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ENVIRONMENTAL LIABILITY - Administrative compliance - Obstructing an inspector

Thursday, February 07, 2019 @ 8:36 AM  


Lexis Advance® Quicklaw®
Appeal by the Crown from an Ontario Court of Justice decision overturning a conviction for an offence under the Environmental Protection Act. The respondent acknowledged that he had an open fire burning construction debris on his property, and that he prevented an enforcement official from entering the property to carry out an inspection. The respondent was charged with obstruction of a provincial officer in the performance of his duties. The sole issue at trial was whether the officer had authority to conduct a warrantless inspection of the respondent's property pursuant to s. 156(1)(c) of the Act. The Provincial Offences Court concluded that such authority existed based on the official's reasonable belief and entered a conviction. On appeal to the Ontario Court of Justice, the conviction was quashed, and an acquittal was entered. The judge held that the official's belief contaminants were discharged into the air lacked an adequate foundation. No obstruction occurred, as the official did not have authority to enter the property. The Crown appealed.

HELD: Appeal allowed. Neither court below accurately expressed the test for "reasonable belief" under s. 156(1) of the Environmental Protection Act. The Act was remedial legislation with protective and preventative purposes. Such purposes were achieved by, among other things, establishing limits on permissible discharges of contaminants. A provincial officer's authority to make inspections was central to the protective and regulatory purposes of the Act. The purpose of s. 156(1) of the Act was to authorize activities intended to support an officer's preventative and compliance powers at the less intrusive end of the spectrum. Having regard to the purpose and scheme of the Act, the nature of the harm it sought to prevent, and the need to promptly and efficiently investigate and respond to potential environmental harm, the threshold for establishment of a "reasonable belief" was low, requiring an officer to articulate the assessment of available information after the fact. Under s. 156(1)(c), an officer was permitted to make an inspection where there was a connection between the purpose of the entry and the purpose of the Act, with an objective and reasonable basis for the officer to believe that a contaminant was, has been, or may be discharged into the natural environment. Here, the officer exercised his inspection powers on the basis of a bylaw officer's report of observations of the respondent's property, and a report from a neighbour that waste was brought onto the property, and smoke was generated by an open fire. The information received by the officer prior to entry was sufficient to support a reasonable belief justifying an inspection. The acquittal was set aside and the conviction at first instance was restored.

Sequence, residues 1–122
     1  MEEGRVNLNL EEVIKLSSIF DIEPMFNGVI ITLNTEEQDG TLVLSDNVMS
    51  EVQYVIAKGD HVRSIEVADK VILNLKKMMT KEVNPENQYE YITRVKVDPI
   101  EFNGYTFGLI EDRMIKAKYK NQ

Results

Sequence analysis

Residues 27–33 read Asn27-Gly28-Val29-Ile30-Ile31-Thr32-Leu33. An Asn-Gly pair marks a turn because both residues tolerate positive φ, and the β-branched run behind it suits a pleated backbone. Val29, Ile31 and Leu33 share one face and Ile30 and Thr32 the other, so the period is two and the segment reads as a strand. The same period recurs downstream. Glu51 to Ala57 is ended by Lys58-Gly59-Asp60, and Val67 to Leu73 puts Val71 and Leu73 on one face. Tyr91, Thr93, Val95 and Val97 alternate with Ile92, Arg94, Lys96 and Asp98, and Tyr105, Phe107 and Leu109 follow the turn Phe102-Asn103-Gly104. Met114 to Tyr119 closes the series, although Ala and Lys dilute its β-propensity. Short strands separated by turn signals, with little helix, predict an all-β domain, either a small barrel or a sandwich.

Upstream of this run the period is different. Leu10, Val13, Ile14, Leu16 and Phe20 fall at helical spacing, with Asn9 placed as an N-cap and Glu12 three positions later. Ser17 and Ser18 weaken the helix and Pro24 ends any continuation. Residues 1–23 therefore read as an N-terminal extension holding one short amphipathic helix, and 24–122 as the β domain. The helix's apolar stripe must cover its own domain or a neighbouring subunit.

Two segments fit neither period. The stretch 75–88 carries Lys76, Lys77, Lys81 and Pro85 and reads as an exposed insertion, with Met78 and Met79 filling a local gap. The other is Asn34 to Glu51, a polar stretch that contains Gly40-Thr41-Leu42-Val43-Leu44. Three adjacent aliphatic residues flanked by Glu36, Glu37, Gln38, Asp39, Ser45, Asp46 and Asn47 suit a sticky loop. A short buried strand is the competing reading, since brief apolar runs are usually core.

Ontario (Ministry of the Environment and Climate Change) v. Geil, [2018] O.J. No. 6588, Ontario Court of Appeal, G.R. Strathy C.J.O., D.H. Doherty and L.B. Roberts JJ.A., December 14, 2018. Digest No. TLD-February42019007